We meet our cast of characters in 1939, a scant handful of days before the Germans invade Poland. Some of the characters serve in the Polish Army, which was shockingly outdated. (One of the main characters was even in a cavalry regiment. They were ordered to go up against Panzers.) Before long, we're in a besieged Warsaw. About a third of the way through, the anti-Jewish laws and directives start to get passed and the ghettos are established. While most descriptions of Mila 18 that I'd read before I started the book make it seem like the book is primarily about the Uprising, it's actually mostly about how people survived in the ghetto. On the one hand, you've got the puppet Jewish Civil Authority who try to save lives by compromising. On the other, you've got the Zionists and the Communists and other political groups who form a kind of shadow/underground government.

Not only does Uris show us characters in both of these organizations, but he also shows us characters on the Nazi side. At first, the book seems very Zionist. I thought for the first hundred pages or so that it was going to be a rah rah book for the Jews, like Inglourious Basterds but without the humor or the revenge fantasy. But the characters grew more complicated as the book rolled along. There were cynical Nazis who knew that what they were doing was a crime, Jews who were out to save their skins and make money while others suffered and died, and Poles and Catholic priests who both helped the Jews in the ghetto and turned their backs on them. Some characters start out good and slowly drift towards being self-serving and cowardly. Others go the other direction. Meanwhile, there is the history telling you that no matter what any of them do, a lot of people are still going to die. This complexity helps make the book terribly real.

Uris, especially in the last quarter of the book, works hard to not only get the reader to see what life in the ghetto was like, but also to hear and smell it, too, especially when most of the Jewish characters have to move permanently into their bunker at Mila 18. While nothing can compare to what it was actually like to be in the ghetto, Mila 18 was, at times, almost unbearable to read because you always know that the horrible, soul-crushing things that Uris is describing really did happen.

Whenever I read or watch something about the Holocaust, I always end up asking unanswerable questions. Why did the Holocaust happen? Why did people let it happen? Why didn't more people help the Jews and other people targeted by the Nazi regime? But one thing that makes Mila 18 different from other books I've read and movies I've watched is that it describes one of the times that the Jews fought back. Even though I new most of them were doomed, I also know that some of them survived. Some of them, even made it to Israel. At the end of the Uprising, these escapes became more important that fighting back the Germans and their allies. One of the characters comments, "There is a line which we cross when it is no longer our duty to die but to live" (512*).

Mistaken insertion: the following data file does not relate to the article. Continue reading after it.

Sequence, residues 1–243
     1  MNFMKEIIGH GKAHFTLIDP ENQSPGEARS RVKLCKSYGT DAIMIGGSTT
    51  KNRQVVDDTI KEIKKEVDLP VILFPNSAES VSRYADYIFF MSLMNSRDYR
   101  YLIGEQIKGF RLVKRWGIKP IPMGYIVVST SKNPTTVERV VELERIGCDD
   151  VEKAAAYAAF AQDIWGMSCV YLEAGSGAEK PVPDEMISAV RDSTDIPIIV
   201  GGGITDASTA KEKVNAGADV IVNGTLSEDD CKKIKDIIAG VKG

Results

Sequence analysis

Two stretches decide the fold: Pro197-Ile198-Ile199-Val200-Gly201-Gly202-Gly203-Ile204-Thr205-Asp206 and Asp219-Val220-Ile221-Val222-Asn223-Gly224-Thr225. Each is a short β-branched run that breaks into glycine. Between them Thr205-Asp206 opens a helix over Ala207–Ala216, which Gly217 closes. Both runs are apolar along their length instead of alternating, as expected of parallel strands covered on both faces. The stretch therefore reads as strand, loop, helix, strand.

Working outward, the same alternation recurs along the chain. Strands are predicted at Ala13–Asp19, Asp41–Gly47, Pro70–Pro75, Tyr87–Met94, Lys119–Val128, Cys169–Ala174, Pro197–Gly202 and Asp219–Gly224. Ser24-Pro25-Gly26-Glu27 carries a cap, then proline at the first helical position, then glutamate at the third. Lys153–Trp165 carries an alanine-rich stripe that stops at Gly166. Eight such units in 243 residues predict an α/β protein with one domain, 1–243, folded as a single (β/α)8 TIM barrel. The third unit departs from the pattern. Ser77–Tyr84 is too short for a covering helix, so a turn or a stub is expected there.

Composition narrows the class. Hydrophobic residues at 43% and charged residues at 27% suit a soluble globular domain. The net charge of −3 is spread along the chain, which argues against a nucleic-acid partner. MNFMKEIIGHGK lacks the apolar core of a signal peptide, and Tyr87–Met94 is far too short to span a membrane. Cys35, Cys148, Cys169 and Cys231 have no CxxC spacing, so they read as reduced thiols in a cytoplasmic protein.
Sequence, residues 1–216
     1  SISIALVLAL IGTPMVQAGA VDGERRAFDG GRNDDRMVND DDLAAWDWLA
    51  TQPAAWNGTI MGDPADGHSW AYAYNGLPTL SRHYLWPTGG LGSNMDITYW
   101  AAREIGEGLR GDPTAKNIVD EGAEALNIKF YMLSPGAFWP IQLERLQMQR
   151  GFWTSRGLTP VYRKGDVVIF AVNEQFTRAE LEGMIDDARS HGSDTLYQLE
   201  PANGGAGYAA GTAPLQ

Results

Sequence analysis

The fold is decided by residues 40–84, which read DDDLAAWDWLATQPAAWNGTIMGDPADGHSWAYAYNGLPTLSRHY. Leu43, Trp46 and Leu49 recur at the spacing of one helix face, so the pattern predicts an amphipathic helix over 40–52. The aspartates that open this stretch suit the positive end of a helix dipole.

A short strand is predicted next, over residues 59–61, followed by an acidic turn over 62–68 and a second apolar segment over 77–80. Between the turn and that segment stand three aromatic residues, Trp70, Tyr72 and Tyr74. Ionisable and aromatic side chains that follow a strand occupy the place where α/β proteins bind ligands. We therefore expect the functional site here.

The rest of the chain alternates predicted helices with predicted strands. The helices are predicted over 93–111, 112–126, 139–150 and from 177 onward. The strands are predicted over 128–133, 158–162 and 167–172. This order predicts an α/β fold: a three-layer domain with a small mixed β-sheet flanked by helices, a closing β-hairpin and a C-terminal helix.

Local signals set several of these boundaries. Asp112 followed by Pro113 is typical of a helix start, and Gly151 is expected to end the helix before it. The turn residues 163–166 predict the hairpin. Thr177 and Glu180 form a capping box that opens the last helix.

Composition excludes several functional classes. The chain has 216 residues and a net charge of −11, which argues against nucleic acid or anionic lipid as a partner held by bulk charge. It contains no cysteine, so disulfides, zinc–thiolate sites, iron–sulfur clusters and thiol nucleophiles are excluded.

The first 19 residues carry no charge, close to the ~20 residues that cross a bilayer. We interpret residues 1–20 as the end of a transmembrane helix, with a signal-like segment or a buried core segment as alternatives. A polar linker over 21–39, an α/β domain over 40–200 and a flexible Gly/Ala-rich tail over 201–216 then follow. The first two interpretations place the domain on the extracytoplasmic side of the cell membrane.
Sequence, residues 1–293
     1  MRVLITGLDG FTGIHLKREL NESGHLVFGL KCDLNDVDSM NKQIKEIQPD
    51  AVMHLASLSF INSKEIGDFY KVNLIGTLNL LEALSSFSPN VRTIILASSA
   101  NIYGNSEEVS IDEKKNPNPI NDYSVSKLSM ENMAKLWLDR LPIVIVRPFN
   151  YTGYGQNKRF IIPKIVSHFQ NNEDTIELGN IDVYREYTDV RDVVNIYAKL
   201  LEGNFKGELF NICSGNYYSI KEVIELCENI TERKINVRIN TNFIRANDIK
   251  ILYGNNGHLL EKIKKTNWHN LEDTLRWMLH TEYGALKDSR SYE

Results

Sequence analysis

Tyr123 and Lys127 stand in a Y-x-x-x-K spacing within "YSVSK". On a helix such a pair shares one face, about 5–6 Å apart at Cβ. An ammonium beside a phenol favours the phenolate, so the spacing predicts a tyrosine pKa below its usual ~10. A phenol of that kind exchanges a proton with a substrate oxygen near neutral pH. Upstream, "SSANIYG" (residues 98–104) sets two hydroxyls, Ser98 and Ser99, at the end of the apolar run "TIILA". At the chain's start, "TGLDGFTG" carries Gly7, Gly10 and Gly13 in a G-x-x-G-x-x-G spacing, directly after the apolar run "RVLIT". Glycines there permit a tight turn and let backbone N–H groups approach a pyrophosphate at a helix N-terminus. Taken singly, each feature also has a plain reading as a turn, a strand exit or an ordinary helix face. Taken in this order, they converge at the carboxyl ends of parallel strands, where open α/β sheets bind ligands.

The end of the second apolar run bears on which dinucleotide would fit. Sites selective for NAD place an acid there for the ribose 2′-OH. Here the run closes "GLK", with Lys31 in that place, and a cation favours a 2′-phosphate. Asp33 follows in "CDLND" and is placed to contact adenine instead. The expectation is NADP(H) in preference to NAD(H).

Mila 18 is one of the hardest books I've ever read, but I would recommend it to strong readers who want to experience a slice of history.

* Bantam Books paperback edition.


Julian Comstock, by Richard Charles Wilson

Julian Comstock
Julian Comstock
It's hard to know what to make of Julian Comstock, by Robert Charles Wilson. First of all, it's set in the twenty second century, but there is a distinctly old Western setting and tone. It reminded me a bit of Firefly in that respect. Second, there are hints dropped all over the place that the subject of the book is a major historical figure, but the book ends up being more about the narrator, Adam. I can't say much more about this bait and switch without totally giving away the ending. The book is a pile of contradictions. Entertaining, but contradictions nonetheless.

The book is narrated by a young Adam Hazzard, a childhood friend of Julian Comstock. While setting the scene and remarking on the unusual history that derailed the future into an odd recreation of the nineteenth century, Adam pulls us into the conspiracy surrounding Julian. In this America, the Presidency is inherited. While Julian is the President's nephew, the President is trying to kill Julian. There is a vague plan to conscript Julian into the army and send him to the front lines in Canada, but Adam and Company manage to evade death. The first third to half of the book reminds me a lot of what I've read about the American Civil War. They even have blue uniforms. Along with Adam's folksy Twain-flavored prose, the nineteenth century feel really starts to come through. And yet, it's set 160 years in the future.

Adam and Julian's Army adventures were my favorite parts of the book. After they leave the Army, things start to get out of hand. I don't just mean that the plot starts to heat up--which it kind of does--but the book derails a little bit.


Adam has been dropping hints about how people in his future write books about Julian's Presidency, how turbulent a time it was, etc. etc., but I just don't see anything Julian does that merits that kind of attention. It's not like he permanently overthrew the status quo. He didn't right many past wrongs. He just seems to spend most of his time as President pissing off the clergy and working on his movie about Charles Darwin. For most of the book, Adam builds Julian up as a hero, but Julian just doesn't live up to the hype.